Behind the Scenes: In the Situation Room

July 11, 2021

The White House Situation Room is not just one room, but several. There are multiple meeting rooms and a main control center where members of the military and the National Security Council gathered and received intelligence, monitored crises around the world, and provided support to White House staff on a number of national security matters. The Situation Room staff also compiled and handled the dissemination of the Morning Book, an intelligence report given to the president, vice president, White House chief of staff, and national security advisor. They also put together morning and evening summaries, hand-delivered to a few senior officials around the building, myself included. Reading the morning and evening summaries from the Situation Room staff was a sobering way to start and end the day.

The primary meeting room for the president in the Situation Room was the John F. Kennedy Conference Room. It had a large table in the middle of the room that seated fourteen in large black leather chairs, with rows of smaller leather chairs on each side of the room lined against the wall for additional staff to participate in meetings. Seats were designated by protocol order. Whoever chaired the meeting always sat at the head of the table. Any time the president was present, that was his seat. A Presidential Seal hung on the wall behind the president’s seat and clocks set to different times in key locations around the world adorned the other wall. There was a large screen in front of the table used for secure video conferencing and to present briefing materials to the group. There were no windows in the Situation Room, and phones and computers were strictly prohibited.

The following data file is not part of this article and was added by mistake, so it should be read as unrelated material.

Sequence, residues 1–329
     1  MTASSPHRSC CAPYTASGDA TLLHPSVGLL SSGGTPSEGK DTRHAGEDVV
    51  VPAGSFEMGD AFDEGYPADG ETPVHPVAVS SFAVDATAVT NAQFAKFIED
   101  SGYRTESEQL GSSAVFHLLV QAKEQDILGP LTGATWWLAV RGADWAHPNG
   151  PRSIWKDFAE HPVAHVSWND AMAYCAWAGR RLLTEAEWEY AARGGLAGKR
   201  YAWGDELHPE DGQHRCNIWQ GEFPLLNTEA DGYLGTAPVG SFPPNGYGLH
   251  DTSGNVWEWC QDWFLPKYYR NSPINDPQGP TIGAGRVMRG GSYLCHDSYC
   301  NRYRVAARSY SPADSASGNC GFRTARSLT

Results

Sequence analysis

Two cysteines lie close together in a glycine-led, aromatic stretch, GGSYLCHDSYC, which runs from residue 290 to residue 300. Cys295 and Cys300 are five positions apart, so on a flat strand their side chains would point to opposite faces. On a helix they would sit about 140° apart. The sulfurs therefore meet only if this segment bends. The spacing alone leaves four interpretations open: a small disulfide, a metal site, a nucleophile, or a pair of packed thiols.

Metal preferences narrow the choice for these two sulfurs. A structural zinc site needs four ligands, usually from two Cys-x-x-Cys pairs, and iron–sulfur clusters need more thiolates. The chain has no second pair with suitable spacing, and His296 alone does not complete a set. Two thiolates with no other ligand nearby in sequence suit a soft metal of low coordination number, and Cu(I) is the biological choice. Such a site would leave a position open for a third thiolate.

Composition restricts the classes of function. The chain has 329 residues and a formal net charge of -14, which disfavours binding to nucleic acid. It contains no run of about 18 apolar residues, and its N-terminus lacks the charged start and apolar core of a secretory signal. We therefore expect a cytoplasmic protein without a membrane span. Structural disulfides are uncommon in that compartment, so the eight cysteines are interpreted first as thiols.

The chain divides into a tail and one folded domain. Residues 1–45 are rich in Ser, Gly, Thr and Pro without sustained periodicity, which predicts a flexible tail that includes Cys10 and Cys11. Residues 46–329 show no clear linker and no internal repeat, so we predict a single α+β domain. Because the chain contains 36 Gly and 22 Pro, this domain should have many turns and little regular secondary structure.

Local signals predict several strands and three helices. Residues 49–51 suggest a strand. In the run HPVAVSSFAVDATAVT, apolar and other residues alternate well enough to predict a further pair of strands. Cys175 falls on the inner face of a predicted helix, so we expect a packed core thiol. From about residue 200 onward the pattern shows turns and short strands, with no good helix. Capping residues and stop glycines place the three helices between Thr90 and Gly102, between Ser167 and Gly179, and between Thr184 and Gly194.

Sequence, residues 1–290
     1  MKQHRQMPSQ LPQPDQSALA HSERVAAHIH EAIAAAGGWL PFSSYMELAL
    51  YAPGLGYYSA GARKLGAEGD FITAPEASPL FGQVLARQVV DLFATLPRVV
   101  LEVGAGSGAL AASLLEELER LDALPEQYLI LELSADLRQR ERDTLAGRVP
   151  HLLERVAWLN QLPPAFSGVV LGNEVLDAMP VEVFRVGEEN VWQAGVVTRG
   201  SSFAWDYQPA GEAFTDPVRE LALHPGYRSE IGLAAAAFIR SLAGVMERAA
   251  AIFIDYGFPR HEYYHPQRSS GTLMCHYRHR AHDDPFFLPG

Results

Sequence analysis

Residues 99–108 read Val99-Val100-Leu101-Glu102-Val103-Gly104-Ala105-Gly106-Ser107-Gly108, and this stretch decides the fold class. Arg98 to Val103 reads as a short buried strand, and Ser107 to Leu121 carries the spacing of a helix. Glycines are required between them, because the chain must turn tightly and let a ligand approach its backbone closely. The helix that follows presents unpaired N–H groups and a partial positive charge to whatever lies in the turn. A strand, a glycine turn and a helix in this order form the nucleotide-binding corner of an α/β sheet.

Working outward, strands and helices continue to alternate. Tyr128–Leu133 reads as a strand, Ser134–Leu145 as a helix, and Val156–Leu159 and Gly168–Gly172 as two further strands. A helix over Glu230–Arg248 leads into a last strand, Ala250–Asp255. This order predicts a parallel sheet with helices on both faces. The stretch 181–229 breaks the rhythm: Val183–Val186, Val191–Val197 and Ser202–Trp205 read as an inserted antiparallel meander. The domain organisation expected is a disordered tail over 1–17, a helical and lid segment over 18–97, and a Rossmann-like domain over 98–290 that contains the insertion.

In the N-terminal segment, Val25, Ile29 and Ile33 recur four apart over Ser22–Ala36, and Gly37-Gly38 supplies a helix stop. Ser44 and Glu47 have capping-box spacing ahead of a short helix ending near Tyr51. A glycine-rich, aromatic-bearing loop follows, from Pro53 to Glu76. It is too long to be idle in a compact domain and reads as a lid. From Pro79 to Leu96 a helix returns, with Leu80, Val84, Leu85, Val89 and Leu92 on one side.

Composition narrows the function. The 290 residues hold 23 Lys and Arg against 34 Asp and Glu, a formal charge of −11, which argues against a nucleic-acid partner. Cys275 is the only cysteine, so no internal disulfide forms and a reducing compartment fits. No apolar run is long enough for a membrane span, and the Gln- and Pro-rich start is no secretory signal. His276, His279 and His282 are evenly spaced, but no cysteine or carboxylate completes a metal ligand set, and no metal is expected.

During an emergency principals small group meeting after another North Korea nuclear test, at the table in the Situation Room sat Chief of Staff John Kelly, Secretary of State Rex Tillerson, Secretary of Defense Jim Mattis, CIA Director Mike Pompeo, National Security Advisor H. R. McMaster, Chairman of the Joint Chiefs Joseph Dunford, Secretary of the Treasury Steven Mnuchin, UN Ambassador Nikki Haley, and me. The president was given the threat assessment and options to respond from his national security team. We discussed how strong the administration’s statement should be, who it should come from, and whether it should be issued in writing or on camera. I hadn’t said much since the meeting started, but the president suddenly turned to me and asked me what he should do. I said I liked the idea of delivering a simple, clear message on camera from the White House because it would present a unified front from the administration and command more media attention than a written or on-camera statement from the State Department or Department of Defense. The president agreed and we spent the last part of the meeting finalizing the statement that would be delivered outside the West Wing by General Mattis, with General Dunford standing beside him. Having two distinguished military leaders issue the statement would project strength and confidence to the world and especially North Korea.

We wanted the leadership of North Korea to understand clearly that America wasn’t going to be bullied. They were threatening the strongest military on the face of the earth, and if they started a war against the United States it would end in their deaths. General Mattis delivered the statement, which included a line I wrote: “Because we are not looking to the total annihilation of a country, namely North Korea. But as I said, we have many options to do so.”

Afterward, General Mattis turned to me and said, “You’re tough. The only job in the administration I’d want less than mine is yours.”

Thanks for reading,